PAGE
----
17. No. Afraid not. Because it isn't a year any way - it is 52 weeks. And there is no "less a day". But since, by my adding, 52 weks ended on 27thth February, I make it one day over and therefore within time.
  18. A fixed term contract of two years or more entitles the employee to be considered redundant (in law - i.e. they are entitled to be treated the same way as any other potentially redundant person) if the contract is not renewed. It is unlawful to make someone redundant purely on the grounds that they have a fixed term contract. So if it known that the school cannot continue to employ everyone and a redundancy situation occurs, the school cannot choose to terminate only the fixed term contracts. I am at a loss as to why so many employers even bother with them any more. They are largely an anachronism from the old days when fixed term employees had few employment rights, and cause employers more headaches than they are worth.
  19. I agree. It seems relatively clear that they are looking to harmonise contracts, and this will be a relatively huge task for the union to work on. Since this may involve changes to more than when a pay rise happens, I think you would be best advised to concentrate on what the employer is proposing as an overall package rather than one small factor. At the moment you are quite lucky to have an employer who is looking to two year deals on pay rises - many people have (and have already had) two or three year deals for no pay rises! So perhaps doing your best to lend support to the unions arguments and getting the best deal possible for the future would be a good move.
  20. There's absolutely no reason why they cannot ask such a thing, and may be a requirement from their insurers. Whether students are over 18 or not, you are attending as responsible staff.
  21. Best practice is practice. Not law. It counts for nothing. You may not like her comments, you may not like her opinions - but she is in no way bound to be balanced or even handed. She is the "prosecution"! You may be, and no doubt are, very upset and angry, but that isn't going to get you anywhere. If you stop and think for one moment in an objective way - your story is implausible. That doesn't mean you are lying necessarily - but it may be that that is a valid viewpoint. You were at home. Presumably you had not phoned your colleague so that he could overhear your rant. So your phone "dialled itself". Yes, that can occasionally happen. But out of all the random numbers that it could have dialled - it dialled the one person that you happened to be ranting about in an offensive manner? Somebody up there doesn't like you! Her comments are not defamatory (in law), and from the employers point of view (and quite possibly from your colleagues - who perhaps has a slightly different opinion than you do) has simply done her job. So you have two choices. You can go on the offensive, slating her for biased and "defamaory" opinions, and for refusing to conduct your defence for you (which is what you are saying - it is your job to offer the defence, not hers) - which is almost certainly going to lead to a fair dismissal, given that your views about your colleague, whether intended to be heard or not, have been heard by the colleague (who is undoubtedly angry with you, since they were onbviously not in a very forgiving mood), by HR and by the employer. If you do this it is highly likely that this will play into exactly what the HR officer has said about you, whether true or not. Or you can take responsibility for what was an unintended, and entirely accidental, circumstance; make it clear that this was a private and heat of the moment occurence after a somewhat stressful day; that your comments were ill-judged but neither reflected your views nor the way that you would act in a professional manner at work; and plead your good performance and attitude at work. You can call character witnesses from amongst your colleagues if they will agree to appear. And you can hope to put this unfortunate incident behind you, albeit quite possibly not without some warning on your record. Which if you are correct and you are not really like this at all, will be off your record in time and forgotten about.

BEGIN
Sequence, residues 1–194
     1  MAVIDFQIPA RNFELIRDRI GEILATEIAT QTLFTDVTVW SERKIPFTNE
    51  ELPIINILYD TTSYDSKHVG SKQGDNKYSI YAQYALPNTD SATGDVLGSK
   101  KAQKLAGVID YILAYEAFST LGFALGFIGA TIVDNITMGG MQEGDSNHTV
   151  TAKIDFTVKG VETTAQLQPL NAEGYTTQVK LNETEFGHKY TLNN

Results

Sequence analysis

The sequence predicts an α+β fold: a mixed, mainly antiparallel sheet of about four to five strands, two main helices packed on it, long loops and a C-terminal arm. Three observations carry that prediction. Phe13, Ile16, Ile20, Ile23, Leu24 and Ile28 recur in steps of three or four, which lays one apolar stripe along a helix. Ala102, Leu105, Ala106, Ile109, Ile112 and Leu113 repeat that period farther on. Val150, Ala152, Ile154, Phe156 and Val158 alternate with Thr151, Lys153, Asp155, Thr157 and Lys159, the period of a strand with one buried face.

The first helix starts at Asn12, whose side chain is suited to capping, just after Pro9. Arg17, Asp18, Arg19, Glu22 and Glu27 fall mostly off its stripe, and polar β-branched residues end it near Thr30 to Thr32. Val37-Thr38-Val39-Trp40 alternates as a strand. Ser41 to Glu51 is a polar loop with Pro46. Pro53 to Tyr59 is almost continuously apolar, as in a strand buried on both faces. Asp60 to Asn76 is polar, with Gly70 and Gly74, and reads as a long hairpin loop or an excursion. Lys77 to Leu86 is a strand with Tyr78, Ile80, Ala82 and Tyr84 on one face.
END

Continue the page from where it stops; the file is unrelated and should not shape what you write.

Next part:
22. The latter I suspect. The member of the interview panel is hardly going to agree that this was said, and I cannot see how your friend will prove it. Sorry
  23. No - Postggi is correct. A deduction from wages cannot take the wage below the NMW unless it is final salary payments. If you intend to return to work then they should not have taken anything unless it is over the NMW. The actual site reference is http://www.direct.gov.uk/en/Employment/Employees/Pay/DG_175878
  24. I perhaps did not make myself clear. The only facts that she is to determine are those about the incident complained about. Since the people that you work with were not present, and didn't receive the voicemail, then their views are not relevant to the investigation. If you wish to call them as defence witnesses you can (if they agree to become involved). It is not her job to be balanced or to present a wider context. Her job is to investigate only the incident as it relates to the voicemail. And however it happened, it happened and is recorded for posterity. Or not. So you must mitigate the circumstances.